This year NFL coverage in the UK has broken new ground I feel. TV, radio, social media, podcasts – all were there in abundance.
Sky Sports have kept up their excellent coverage with 2 Sunday night games and NFL Network’s brilliant RedZone on the red button. All the Thursday night games were live on Sky as well, with a new midweek special with extended highlights and a couple of editions of Total Access thrown in too. Other than Bradlee Van Pelt, the guest summarisers have become better and more extensive this year. Aki Jones was a good addition to the team and Moose Johnson was a great addition in the playoffs. Jeff Reinebold was excellent in his stint and Cecil Martin brought his aloof antics in the late autumn as usual.
Channel 4 finally figured out that the best way to present their coverage was getting the old Five team back together, bringing Nat Coombs in to set Mike ‘on the side’ Carlson up for his consistently great work. It gave the show the sense of humour that it had struggled for with less Mike friendly anchors of the past couple of years. The feature at the outset of the show where they contact an American journalist with a local angle on the teams playing was a good touch, and the interactivity with the viewers made it feel like a fan friendly show.
A big enhancement this year was the addition of a new broadcaster to the Monday Night Football slot – the BBC. The drawback to the coverage was the red button basis, making it harder to record and meaning I didn’t bother with a number of fixtures. They only had some studio based content from a third of the way through the series in ‘the man-cave’. Let’s not pretend they had it totally right this year, but the games were there to watch free-to-air, which can only be a good thing. Having Darren Fletcher presenting was good – a familiar voice to sports fans, but an unfamiliar and happily excited face, the man clearly loves his job! He was helped out by ‘experts’ like former NFL player Rocky Boiman. BBC capped the season off with live coverage of the Super Bowl, borrowing Iron Mike from Channel 4 and bringing in 3 time Super Bowl winner Willie McGinest as an expert guest, as well as some big name visitors popping in through the coverage.
The BBC went beyond the TV coverage too. There was extensive coverage on the radio too. As I found myself watching he games on TV most of the time I didn’t really catch much of the game coverage but its good to know that BBC are getting the game covered in some free to air capacity on a Sunday evening. Then there were the specials Darren Fletcher presented. I really enjoyed the documentary he did for 5live on the Green Bay Packers and what that franchise means to the community in (relatively) small town Wisconsin.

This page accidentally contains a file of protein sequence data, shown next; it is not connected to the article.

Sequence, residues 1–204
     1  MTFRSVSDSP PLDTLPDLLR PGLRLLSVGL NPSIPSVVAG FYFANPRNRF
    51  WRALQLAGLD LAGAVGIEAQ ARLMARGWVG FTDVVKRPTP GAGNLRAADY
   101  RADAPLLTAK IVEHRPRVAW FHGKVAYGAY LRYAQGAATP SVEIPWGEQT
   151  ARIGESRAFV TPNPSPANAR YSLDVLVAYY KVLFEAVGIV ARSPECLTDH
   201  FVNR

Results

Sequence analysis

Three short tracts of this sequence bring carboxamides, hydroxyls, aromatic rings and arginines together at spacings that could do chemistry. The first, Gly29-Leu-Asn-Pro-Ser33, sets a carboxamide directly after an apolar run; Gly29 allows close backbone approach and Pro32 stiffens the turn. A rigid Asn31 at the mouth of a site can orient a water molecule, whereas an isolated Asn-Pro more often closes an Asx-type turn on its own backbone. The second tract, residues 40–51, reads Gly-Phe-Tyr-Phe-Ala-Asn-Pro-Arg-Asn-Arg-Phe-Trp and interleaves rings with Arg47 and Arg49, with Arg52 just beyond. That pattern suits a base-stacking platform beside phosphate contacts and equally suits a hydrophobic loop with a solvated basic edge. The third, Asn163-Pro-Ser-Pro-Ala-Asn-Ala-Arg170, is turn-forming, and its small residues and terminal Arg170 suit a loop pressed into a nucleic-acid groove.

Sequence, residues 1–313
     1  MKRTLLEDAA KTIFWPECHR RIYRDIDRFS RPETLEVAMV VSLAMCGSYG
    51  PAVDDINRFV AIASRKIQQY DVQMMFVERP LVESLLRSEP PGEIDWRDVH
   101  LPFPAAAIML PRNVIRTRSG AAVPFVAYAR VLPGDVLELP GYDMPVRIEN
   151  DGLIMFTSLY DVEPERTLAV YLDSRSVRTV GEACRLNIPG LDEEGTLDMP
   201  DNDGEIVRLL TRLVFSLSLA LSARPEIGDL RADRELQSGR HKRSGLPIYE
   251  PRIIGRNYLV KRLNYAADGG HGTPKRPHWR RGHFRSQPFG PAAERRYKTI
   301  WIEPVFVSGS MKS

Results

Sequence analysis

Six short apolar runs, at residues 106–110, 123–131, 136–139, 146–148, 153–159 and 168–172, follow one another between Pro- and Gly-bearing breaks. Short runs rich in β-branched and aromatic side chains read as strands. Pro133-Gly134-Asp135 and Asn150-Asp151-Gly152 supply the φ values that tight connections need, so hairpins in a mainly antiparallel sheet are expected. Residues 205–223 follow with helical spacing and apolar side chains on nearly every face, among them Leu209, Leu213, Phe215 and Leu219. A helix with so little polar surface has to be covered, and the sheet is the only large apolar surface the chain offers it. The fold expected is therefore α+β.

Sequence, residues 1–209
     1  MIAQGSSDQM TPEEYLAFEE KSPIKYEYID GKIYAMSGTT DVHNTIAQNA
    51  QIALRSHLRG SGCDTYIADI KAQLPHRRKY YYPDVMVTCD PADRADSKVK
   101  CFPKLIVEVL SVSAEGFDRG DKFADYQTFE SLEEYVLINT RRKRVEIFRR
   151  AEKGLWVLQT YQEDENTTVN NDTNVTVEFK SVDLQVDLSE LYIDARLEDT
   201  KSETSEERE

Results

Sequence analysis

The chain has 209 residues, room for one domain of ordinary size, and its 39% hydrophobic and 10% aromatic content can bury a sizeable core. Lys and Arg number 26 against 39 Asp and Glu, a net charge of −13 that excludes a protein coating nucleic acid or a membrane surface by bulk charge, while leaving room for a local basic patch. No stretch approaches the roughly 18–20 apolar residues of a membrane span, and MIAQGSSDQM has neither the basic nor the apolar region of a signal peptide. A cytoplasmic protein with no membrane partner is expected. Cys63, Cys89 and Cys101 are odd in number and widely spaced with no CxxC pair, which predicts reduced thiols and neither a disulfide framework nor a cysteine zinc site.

The opportunities to listen to NFL content didn’t stop there either. Podcast listeners were treating to an entertaining and growing list of shows. I can’t say I listen to all the UK based NFL podcasts out there. I’ve probably not even heard of a lot of them as every fan and his dog seems to have one nowadays, but there are some I feel deserve note. The most well known is probably NFL UK’s ‘Inside the Huddle’ with Fletch and Reynolds. This year we’ve been treated to regular twice weekly shows making sure fans are up to date with all the important news and what went on in the games that weren’t televised. ‘NFL Rants & Raves’ is another long standing pod that although presented and recorded by Americans is heavily aimed at a British and global audience. It can be enjoyable, it can be a touch irritating, but often detailed and informative. A newcomer this season was the ‘Tuesday Morning Football’ podcast. An all Brit affair this one, and often an enjoyable listen, although you sometimes feel you’ve slipped into a conversation between some mates exchanging in-jokes. The most notable thing here is the quality and range of guests they’ve managed to get on the show, from personalities familiar to UK fans to former GMs and coaches from the league. Most notable was probably hall of famer Warren Moon, although they also did a great job getting active players from both sides on the show for the Super Bowl preview. The ‘Americarnage’ podcast which isn’t exclusively NFL based content but covers off all you need to know is possibly my favourite. Always entertaining and funny, with good insight too – plus, as it involves Coombs and Carlson, it helps you understand some of the jokes made on the Channel 4 coverage too.
The are also a massive number of UK based fan Twitter accounts to interact with on social media and the forums on the NFL UK website to interact with other fans. You’re never short of content on the web and you learn that we probably are the most knowledgeable NFL fans around. Probably why the best and most details NFL analysis available on the web, Pro Football Focus, is a British based British run organisation that many NFL teams and media guys have come to rely on for statistical support.
No wonder we’re getting two games at Wembley Stadium next season! It’s never been a better time to be an NFL fan in the UK.
Source: NFL coverage in the UK
Big sports fan (Wigan Warriors, Manchester United, Pittsburgh Steelers, Lancashire County Cricket Club, St. Johnstone). Walking enthusiast.